My last weeks have been full of pained deliberation over my husband’s next move to a church. We’ve looked at jobs, we’ve driven round neighborhoods, we’ve had serious talks and at the end of it all, with complications galore, I feel panic rising. I already feel isolated, alone, I’m already tasting the lonely hours with my little daughter when I don’t know who to call. I’m already tasting that sense of being uprooted and untethered that moving has always brought to my somewhat fragile sense of well being. And I begin to wonder, what does it mean to come home at Christmas if you can’t? How do we find belonging when we’re not sure where we belong or we are separated from those who do? How does the Nativity come again in our Christmastimes if we are alone and afraid and not sure how to get there?
I sit in the predawn darkness of my tiny, English row house living room. My brave, slightly scrawny little Christmas tree sits on a table by the window, bedecked in the few lights I could twist round his branches. Coffee steams in one hand and I hold a book open in the other, striving in the navy light of the early morning to find my sense of centre and peace… before the baby wakes up. My thoughts feel scattered like seeds in the wind, I cannot gather them. So I focus my eyes on the poem before me. And the words swell up, bold, hard;
It was a time like this,
War & tumult of war,
a horror in the air…
Madeleine L’Engle’s frank statement of the what the world looked like when the Christ child came, what it still looks like today. War and tumult. Lust and greed (she goes on). A baby come ‘into the darkest hour’ (the title of her poem). I find a gracious catharsis in those words. I realize that part of my panic this year about Christmas – and all the possibly lonely Christmases to come – is rooted in my sense that one is doomed or incapable if one is unhappy at Christmas. Yet this is the world into which the little baby came, this is my world, rife with isolation and war, horror and despair. We have so commercialized and idealised Christmas that we forget what a battle move it is on the part of heaven, a radical invasion of light because the darkness, our darkness, is so great. To admit that, to remember it, feels like a kind of rejuvenation. I read on, my heart beating faster:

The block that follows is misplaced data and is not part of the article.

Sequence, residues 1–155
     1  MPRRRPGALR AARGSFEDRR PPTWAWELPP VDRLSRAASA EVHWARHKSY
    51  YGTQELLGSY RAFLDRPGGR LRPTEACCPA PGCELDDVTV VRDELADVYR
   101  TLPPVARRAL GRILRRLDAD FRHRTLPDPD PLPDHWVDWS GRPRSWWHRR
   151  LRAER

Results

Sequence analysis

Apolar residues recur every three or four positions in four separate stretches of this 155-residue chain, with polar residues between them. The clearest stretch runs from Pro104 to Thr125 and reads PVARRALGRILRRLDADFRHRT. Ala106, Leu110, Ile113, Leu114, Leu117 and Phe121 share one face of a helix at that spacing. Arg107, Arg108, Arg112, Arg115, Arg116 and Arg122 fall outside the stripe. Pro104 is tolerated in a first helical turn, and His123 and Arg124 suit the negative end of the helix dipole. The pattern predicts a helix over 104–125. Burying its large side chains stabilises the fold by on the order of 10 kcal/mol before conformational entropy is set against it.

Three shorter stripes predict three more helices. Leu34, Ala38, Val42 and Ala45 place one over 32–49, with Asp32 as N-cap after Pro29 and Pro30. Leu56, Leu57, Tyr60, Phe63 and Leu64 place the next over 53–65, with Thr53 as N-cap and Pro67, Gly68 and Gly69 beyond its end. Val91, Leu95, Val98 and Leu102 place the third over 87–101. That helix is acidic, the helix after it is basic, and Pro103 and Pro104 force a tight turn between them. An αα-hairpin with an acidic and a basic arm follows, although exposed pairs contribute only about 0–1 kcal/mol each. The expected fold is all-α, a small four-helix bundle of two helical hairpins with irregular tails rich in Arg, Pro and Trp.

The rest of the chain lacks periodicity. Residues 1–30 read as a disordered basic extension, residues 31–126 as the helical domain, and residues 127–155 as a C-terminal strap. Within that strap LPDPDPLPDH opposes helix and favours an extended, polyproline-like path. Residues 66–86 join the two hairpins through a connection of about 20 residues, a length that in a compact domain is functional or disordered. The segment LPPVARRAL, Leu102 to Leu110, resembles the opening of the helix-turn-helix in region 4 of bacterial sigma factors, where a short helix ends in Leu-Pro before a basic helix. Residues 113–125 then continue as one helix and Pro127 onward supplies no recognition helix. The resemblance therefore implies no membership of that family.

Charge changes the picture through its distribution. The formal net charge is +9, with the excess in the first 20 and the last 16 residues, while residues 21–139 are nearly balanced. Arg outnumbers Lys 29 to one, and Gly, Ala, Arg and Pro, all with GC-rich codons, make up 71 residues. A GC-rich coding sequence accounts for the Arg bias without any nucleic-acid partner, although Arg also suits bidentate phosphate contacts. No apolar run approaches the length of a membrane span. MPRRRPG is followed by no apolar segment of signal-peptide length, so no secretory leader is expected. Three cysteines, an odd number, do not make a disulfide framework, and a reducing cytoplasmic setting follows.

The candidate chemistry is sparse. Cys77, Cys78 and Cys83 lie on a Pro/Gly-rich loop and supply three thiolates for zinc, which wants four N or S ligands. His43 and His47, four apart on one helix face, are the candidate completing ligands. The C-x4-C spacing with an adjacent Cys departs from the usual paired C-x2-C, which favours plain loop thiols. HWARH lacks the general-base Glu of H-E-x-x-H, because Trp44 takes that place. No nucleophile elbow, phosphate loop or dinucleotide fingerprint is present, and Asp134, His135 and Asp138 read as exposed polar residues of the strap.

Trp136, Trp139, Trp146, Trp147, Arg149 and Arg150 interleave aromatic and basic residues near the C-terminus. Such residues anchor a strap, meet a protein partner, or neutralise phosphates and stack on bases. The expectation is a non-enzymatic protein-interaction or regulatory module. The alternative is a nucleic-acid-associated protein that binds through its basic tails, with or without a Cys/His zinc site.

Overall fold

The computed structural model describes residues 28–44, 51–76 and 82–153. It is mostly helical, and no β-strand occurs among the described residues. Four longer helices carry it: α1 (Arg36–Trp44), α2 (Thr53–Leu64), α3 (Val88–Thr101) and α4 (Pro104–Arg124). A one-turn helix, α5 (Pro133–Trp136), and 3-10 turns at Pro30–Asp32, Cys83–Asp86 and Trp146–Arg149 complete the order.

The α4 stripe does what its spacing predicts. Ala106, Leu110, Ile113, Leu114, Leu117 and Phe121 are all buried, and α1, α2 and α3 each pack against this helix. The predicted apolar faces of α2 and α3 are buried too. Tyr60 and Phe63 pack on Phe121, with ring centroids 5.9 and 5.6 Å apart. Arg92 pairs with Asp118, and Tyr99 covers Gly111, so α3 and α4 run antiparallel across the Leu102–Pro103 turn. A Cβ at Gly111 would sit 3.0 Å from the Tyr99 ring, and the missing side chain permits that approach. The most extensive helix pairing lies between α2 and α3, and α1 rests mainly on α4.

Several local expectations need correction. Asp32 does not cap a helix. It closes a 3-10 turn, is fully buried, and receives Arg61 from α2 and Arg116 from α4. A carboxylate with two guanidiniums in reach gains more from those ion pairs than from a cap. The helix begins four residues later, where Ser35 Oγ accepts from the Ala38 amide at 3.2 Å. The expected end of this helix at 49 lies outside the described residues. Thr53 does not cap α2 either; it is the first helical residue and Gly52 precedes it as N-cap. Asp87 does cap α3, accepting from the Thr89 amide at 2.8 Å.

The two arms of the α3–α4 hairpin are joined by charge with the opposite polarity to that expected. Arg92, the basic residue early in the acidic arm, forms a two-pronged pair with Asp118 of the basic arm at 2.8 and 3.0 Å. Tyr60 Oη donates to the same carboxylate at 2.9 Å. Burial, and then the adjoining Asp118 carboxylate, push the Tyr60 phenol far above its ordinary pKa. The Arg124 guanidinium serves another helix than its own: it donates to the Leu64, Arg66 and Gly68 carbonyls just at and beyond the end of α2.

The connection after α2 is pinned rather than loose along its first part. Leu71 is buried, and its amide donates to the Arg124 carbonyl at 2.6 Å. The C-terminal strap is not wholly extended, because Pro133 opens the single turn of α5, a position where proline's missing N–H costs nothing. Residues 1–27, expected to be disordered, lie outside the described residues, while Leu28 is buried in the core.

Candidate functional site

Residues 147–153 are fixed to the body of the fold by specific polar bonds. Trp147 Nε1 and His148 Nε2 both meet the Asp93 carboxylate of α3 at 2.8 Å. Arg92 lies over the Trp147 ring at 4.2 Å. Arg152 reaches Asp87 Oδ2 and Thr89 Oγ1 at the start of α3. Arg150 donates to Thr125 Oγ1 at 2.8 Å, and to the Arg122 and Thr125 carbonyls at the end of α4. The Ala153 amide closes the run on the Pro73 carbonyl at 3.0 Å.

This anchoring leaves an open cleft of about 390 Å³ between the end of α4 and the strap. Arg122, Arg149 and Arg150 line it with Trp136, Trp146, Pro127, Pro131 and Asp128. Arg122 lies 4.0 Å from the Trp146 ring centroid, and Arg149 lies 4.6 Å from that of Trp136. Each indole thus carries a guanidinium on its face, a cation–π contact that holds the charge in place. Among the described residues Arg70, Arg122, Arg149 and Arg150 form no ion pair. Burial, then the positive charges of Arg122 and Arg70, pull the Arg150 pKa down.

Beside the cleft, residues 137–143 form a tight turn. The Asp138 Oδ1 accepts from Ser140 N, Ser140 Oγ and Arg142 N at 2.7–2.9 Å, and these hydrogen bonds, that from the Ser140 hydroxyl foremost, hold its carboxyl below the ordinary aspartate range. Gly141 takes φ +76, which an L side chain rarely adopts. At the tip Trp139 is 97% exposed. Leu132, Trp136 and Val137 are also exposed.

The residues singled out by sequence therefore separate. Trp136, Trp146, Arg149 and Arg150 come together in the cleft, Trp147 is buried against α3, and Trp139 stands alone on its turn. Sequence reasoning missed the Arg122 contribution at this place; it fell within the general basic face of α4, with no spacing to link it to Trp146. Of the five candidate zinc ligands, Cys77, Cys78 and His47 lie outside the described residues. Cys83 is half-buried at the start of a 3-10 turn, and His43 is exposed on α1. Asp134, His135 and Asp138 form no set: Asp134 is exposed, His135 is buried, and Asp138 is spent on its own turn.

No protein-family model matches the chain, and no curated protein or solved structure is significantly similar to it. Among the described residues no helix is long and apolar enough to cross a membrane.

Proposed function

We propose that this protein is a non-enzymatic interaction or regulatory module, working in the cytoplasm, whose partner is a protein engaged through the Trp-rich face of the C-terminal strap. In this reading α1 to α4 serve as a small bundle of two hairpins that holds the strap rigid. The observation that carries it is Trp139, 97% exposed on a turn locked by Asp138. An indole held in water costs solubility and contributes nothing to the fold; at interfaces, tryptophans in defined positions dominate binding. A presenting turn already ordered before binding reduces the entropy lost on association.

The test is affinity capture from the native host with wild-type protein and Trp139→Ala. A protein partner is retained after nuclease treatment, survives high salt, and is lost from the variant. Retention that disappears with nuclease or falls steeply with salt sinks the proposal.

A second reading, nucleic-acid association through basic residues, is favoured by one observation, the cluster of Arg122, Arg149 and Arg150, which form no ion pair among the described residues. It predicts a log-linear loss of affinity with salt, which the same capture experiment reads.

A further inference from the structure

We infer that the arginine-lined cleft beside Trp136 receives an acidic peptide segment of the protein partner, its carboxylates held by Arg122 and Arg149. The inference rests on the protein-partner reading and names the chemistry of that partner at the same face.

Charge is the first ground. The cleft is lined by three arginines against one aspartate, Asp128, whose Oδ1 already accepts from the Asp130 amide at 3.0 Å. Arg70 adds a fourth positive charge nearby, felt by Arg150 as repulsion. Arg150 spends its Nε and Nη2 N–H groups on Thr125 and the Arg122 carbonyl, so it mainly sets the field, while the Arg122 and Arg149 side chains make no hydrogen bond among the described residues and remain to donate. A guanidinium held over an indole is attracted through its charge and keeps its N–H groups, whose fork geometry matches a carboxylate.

And in a time like this
how celebrate his birth
when all things fall apart?
Ah! Wonderful it is
with no room on the earth
the stable is our heart.
And at those last words, my eyes halt, my breath catches, my heart exults.
For weeks now, as I have wrestled with the uncertainty of where we will live in the years to come, as that anxiety has crystalized around my doubt of finding home or comfort or belonging at Christmas, I have assumed that the circled fellowship of the Nativity was something outside of myself, something I could lose, something I might not be able to find again without my family. L’Engle’s words ring out in me like fire and freedom. The stable, the circle of fellowship where Christ is born and I am drawn to worship, oh God be blessed, is in my heart. Do you ever wonder what that phrase in Paul’s letter, ‘Christ in me, hope of glory’ means? I think I glimpse it in the poem’s closing line and it shifts the way I see myself in the world. Christ is daily born in our hearts, indwelling those who love him so that our very lives become the site of his ceaseless nativity. Here, in the grounds of my frail, faulty being, Christ comes in the same vulnerable love of his baby life. Here in my hours and days, angel songs echo with the joy he brings. Here, in my own being, the circle of belonging is begun and completed by the God who is ever ‘with me’ and makes me one with all who belong to him.
I have only to recognize it and arrive at the stable circle where he sits, already with me. I have only to rejoice and draw others to do so with me. I have only to so root myself in that circled Love that it shapes the quiet in which I find myself. I begin, not to fear, but to imagine, and this is where the life of the child grows great as new horizons open. I can see what I might create, how I might love, what the Christmases before me might look like, the people I might invite, the feasts I might craft, the Shepherd’s meal I might continue in my own little vicarage in some corner of England yet to be discovered, the lonely soul I might draw into the circle of love…and the nativity begins, ever again.
The image of the nativity is courtesy of the gifted and generous photographer Ben White of Unsplash.
Thank you, Ben for sharing your gifted eye and skill!
Many blessings to you from all of us at Cultivating and The Cultivating Project!
Sarah Clarkson is a writer and student of theology. Through blogs, books, and her current research, she explores the formative power of story, the intersection of theology and imagination, and the way that beauty brings hope. She writes books (Book Girl, The Lifegiving Home) and studies modern doctrine at Wycliffe Hall, Oxford, where she’s focusing on theodicy (and why stories may be the best argument we can make for the goodness of God). She chronicles her adventures at sarahclarkson.com and is at slow work on a novel. Celtic music, good coffee, travel adventures, long walks, and of course, good books are the beauties that make her heart sing and she lives them out in the red-doored cottage she shares with her husband, Thomas, and their daughter, Lilian.